Maybe we are flat-out stuck in an addiction. Lots of different addictions taunt us, and most of us struggle with at least one. The addiction might be to a substance or behavior that's controlling us — alcohol, drugs, porn, gambling, shopping, or binge eating. Or maybe the addiction is to something subtle. The wrong kind of friend. A wrong kind of thought. Maybe we always feel we need to be the caretaker of other people — doing for them what they should do for themselves. Or we feel victimized if people don't give us the respect or love we think we deserve. Maybe we're always defensive. Or critical. We manipulate people. Or blame them. Our feelings have a way of hurting the relationships that matter, and we're not sure what to do. Well, this is just the way I am, we tell ourselves — and some days we even believe that lie.
Maybe we find ourselves tolerating the harmful thing at first, even though we know it clearly goes against God's plan. Maybe we try to justify its existence. We wrestle with it and wish it were gone. We're annoyed the harmful thing is there in the first place, but we end up giving it free rent anyway. Before we know it, the harmful thing has established a foothold. It becomes a giant. A default routine is formed. Our giant becomes a habit in the way we think or act. Some days we fight to rid ourselves of the giant, but the problem never seems to go away entirely.
How do we get rid of the giants? Jesus offers an abundant life to everyone who follows him. "The thief comes only to steal and kill and destroy," Jesus said; "I have come that they may have life, and have it to the full" (John 10:10). Jesus didn't come to earth to die on the cross and be resurrected from the grave so we could settle for a reduced amount of God's best. Jesus intended for us to "really live" (1 Thessalonians 3:8). And that means we can live freely in the power of what he has accomplished for us.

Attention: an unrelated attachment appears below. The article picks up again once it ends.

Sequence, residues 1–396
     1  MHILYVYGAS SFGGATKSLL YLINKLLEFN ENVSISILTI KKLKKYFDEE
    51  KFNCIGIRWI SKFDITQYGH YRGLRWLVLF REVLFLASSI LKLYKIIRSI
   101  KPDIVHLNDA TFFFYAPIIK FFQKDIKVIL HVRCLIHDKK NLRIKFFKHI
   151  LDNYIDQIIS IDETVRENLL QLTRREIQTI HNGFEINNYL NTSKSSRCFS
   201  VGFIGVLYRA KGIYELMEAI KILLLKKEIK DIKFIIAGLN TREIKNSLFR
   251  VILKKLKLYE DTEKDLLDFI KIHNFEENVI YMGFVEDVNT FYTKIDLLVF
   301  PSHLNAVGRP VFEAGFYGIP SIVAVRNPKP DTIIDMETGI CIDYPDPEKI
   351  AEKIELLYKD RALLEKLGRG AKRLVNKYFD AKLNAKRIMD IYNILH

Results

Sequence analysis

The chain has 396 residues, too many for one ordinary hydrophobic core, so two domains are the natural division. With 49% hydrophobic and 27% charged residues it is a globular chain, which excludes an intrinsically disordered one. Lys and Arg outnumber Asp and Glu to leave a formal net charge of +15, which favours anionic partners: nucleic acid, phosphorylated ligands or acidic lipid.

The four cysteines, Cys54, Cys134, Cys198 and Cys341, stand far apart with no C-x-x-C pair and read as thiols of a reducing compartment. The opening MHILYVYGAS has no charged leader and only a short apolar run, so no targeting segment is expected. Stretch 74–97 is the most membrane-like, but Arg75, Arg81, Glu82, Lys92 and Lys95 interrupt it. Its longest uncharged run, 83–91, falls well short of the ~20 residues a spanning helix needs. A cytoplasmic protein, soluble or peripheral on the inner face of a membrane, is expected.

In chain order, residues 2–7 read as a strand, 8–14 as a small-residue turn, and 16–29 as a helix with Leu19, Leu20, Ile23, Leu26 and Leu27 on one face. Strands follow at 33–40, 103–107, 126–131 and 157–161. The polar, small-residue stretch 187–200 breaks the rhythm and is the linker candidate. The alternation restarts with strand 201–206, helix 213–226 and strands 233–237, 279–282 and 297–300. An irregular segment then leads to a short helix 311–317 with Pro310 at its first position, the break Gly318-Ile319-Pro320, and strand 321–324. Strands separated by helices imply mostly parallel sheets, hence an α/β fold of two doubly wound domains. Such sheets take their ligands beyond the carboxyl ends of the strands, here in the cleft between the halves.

It starts with seeing and believing that whatever giant we're battling might be big — but it's not bigger than Jesus. Nine feet tall is nothing to him. And he intends to set you free.
We're going to see this in a powerful way as we unpack the story of David and Goliath. I'm guessing you've heard this tale somewhere along the line. If not, get ready. It's a gripping tale jammed with possibility for you. I've heard this story since my days as a kid in church. But there's a fresh twist that's been exploding in my heart more recently. A life-altering way of seeing Jesus in the story that changes everything about the way your giant is going down.
The Kid Comes to Death Valley
The backdrop of the story of David and Goliath, to catch us all up to speed, is that the ancient army of the Philistines was fighting against the army of Israel, the people of God. This was a pattern all throughout the Old Testament: the Philistine army was a constant thorn in the side of God's people, and the two armies often clashed. The Philistines have a god of their own, an idol we'll see more about in a moment. They were vile and surly, haters of the people who claimed allegiance to the one true God.
A lot of times throughout the story of Scripture, the Philistines had the upper hand, and that was the case when this particular story unfolds in 1 Samuel 17. Here's the backdrop.
Picture a particular valley in ancient Israel. It's stubbly and rocky and green and thorny. It's called the Valley of Elah, and through that valley flows the Brook of Elah. You'd think such a bucolic scene would be peaceful, inviting. But it isn't. It's soon going to be the valley of death.
Flanking each side of the brook is a hillside. The Philistine army was camped on one hillside, and the army of Israel was camped on the other side. Each army would camp in their tents at night, then each morning they'd come out to their places of battle. They could look right across the valley to stare each other down.
When our story opens, the two armies weren't doing much actual fighting. The army of Israel was being held back from advancing — and the guy holding back the Israelites from doing their real work was a crude brawler named Goliath, a big, huge, giant Philistine, nine feet tall, a champion fighter, a fierce and awesome-looking black-bearded warrior with thick body armor.